Honduran players settled their strike over lack of pay -- apparently. Or, at least a team representing the tiny Central American country was officially reported yesterday as being in the air, with arrival in Hershey, Pa., last night.
Which means, yes, the U.S. Olympic men's soccer team will open its quest for late-summer tickets to Sydney, Australia, with a game at 8 tonight in Hersheypark Stadium against Honduras.
That game and a 5: 30 p.m. match between Guatemala and Panama are the curtain-raisers of a six-nation men's soccer tournament that ends April 30 and will decide which two national teams will represent North and Central America and the Caribbean among the 16 finalists in this year's Olympics. The final round of regional qualifying is being played at Hershey in the form of five doubleheaders.
With rain predicted for tonight, Hersheypark spokesman Todd Smith said a crowd of about 10,000 is expected. The stadium seats 16,000.
The U.S. team and Mexico, which open tournament play with two games apiece in opposite brackets, are expected to be the region's qualifiers. If form follows, each should win its April 28 semifinal match, thus qualifying for Sydney and rendering the finale on April 30 as window dressing.
But Mexico stumbled at home while qualifying for Hershey, spotting Honduras a 2-0 lead before rallying for a draw. And the U.S. team, until it proves otherwise, is only a paper favorite, having gotten this far as the tournament's host nation. The Americans' last play-for-real tournament resulted in a third-place finish in 1999's Pan American Games in Winnipeg.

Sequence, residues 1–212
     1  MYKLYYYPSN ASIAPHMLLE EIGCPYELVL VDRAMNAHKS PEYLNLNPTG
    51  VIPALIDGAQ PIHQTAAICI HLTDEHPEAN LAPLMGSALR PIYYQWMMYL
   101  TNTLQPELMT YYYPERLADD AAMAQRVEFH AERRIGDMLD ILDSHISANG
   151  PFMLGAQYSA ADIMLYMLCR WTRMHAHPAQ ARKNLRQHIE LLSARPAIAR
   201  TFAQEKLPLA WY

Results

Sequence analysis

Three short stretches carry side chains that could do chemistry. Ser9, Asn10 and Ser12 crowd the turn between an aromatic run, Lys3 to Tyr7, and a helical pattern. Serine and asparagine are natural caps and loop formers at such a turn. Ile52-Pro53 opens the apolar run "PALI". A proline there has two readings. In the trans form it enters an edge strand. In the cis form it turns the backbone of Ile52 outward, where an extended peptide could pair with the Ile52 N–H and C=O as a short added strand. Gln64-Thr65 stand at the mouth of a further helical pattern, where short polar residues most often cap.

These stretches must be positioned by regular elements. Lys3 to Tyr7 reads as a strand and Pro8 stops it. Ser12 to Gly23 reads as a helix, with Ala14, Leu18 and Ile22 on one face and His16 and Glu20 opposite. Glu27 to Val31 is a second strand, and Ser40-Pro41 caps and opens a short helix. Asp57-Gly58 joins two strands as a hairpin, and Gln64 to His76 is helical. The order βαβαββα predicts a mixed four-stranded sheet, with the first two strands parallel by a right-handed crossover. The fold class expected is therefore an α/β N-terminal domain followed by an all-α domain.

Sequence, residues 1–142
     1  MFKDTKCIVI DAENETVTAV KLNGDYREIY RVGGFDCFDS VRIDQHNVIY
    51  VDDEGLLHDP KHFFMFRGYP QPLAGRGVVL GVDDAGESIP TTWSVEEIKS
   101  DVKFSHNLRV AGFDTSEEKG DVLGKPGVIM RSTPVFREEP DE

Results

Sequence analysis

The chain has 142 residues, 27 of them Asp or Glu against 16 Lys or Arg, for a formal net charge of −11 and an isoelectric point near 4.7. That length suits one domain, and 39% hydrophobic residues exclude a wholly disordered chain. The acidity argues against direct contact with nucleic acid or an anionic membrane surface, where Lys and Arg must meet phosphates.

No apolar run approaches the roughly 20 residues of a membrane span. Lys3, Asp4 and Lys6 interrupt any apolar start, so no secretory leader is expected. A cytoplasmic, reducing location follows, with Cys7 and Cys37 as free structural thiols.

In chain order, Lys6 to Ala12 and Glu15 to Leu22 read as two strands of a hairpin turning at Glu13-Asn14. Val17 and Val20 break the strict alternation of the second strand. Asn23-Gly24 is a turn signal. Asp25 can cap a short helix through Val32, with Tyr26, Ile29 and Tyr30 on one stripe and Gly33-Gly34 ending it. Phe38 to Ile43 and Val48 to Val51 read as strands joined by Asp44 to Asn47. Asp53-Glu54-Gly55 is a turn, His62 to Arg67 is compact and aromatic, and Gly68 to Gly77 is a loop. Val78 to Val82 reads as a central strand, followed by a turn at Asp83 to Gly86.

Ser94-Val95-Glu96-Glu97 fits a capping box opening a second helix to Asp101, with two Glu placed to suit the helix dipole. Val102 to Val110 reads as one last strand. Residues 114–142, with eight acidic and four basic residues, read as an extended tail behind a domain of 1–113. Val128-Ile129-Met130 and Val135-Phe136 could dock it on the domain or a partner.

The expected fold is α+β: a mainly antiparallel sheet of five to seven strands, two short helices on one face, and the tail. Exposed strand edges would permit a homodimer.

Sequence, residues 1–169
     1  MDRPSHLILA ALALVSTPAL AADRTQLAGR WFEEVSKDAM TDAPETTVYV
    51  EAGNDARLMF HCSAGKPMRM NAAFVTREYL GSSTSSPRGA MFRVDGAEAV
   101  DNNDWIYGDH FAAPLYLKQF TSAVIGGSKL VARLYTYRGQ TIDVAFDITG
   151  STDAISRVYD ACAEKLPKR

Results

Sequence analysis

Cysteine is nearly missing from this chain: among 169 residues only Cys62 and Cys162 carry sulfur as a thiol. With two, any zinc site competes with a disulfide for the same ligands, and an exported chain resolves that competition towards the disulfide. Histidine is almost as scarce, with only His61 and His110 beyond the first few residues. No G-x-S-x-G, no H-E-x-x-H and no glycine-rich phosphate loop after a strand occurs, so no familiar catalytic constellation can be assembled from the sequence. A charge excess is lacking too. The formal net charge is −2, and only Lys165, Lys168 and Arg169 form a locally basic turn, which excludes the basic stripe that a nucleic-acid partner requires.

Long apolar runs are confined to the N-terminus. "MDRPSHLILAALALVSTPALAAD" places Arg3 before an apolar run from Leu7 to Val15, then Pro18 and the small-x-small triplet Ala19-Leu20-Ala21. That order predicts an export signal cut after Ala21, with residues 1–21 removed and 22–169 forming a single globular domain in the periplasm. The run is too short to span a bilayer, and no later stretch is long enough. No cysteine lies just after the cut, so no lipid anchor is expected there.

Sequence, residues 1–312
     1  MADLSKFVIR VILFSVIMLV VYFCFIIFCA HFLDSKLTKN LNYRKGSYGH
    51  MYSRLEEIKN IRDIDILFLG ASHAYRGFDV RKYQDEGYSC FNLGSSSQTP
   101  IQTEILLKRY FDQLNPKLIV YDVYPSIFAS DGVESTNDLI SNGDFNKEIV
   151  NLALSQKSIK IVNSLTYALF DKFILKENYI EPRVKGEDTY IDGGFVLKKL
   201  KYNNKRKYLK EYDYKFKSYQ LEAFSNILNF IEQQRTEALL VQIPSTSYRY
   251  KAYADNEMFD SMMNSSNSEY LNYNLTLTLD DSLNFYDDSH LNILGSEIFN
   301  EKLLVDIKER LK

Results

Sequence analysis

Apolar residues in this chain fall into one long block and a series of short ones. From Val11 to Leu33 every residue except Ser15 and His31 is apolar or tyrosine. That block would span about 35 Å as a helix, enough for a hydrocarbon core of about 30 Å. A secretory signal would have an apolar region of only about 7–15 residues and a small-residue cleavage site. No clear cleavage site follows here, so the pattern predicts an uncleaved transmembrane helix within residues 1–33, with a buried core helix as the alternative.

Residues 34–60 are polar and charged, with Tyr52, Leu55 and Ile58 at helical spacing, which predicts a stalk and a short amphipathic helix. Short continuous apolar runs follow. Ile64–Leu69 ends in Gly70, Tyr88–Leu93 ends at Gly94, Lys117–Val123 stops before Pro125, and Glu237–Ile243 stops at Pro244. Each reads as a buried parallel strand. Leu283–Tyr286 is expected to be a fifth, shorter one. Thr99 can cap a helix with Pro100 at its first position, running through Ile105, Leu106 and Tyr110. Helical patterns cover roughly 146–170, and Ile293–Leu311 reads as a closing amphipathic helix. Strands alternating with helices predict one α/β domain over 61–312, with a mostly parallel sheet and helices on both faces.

The Americans also must play Canada, a side that in the recent past has given them problems, albeit not losses, on Tuesday. Mexico's first two challengers are Panama and Guatemala.
While other teams got to Hershey through rough, passionate matches Central American fans, especially, view as life-and-death combat, coach Clive Charles' Americans have tuned up by belting an all-star team 10-0 and the A-League Hershey Wildcats, 4-0.
Because of the odd, six-team format, the favored Mexicans and Americans share one dread: an early upset. If either wins both its opening matches and the other loses or ties one, the favorites could end up meeting in a semifinal match -- meaning one would stay home and an underdog would fly to Sydney.
Charles said he simplified things for his players: "I told them, in order to qualify for the Olympics, we have to win three games. If we want to win the tournament, then we have to win four games -- it's that simple.
"The most important thing is Honduras right now. We'll really put ourselves in a hole if we don't win. It means everything, really."
Honduras, good in the air, with a strong front line and sound defense, qualified for Hershey by tying Mexico and Costa Rica and beating Jamaica, 2-0.
Charles, who coaches at the University of Portland and has had the Under-23 squad for three years, brings a team of pro players, several of whom already have established names for themselves -- a first for U.S. Olympic aspirants in the sport. In the past, American teams have been largely college players or semipros.
Charles credits Major League Soccer with improving American chances for these Olympics.
"Whatever success we have, we can give MLS 99.9 percent of the credit," he said. "The teams coming into this tournament have played under pressure lately, but so have the players on [our] team -- all have been involved in high-quality games with their clubs."
Who: Panama-Guatemala, U.S.-Honduras Who: Panama-Guatemala, U.S.-Honduras
When: 5: 30 and 8 tonight, respectively. U.S. also plays Canada, 8 p.m. Tuesday.
Where: Hersheypark Stadium, Hershey, Pa., about 90 minutes north of Baltimore.
Tickets: 717-534-3911. Prices $10-$25 per doubleheader, depending on seat location and tournament phase.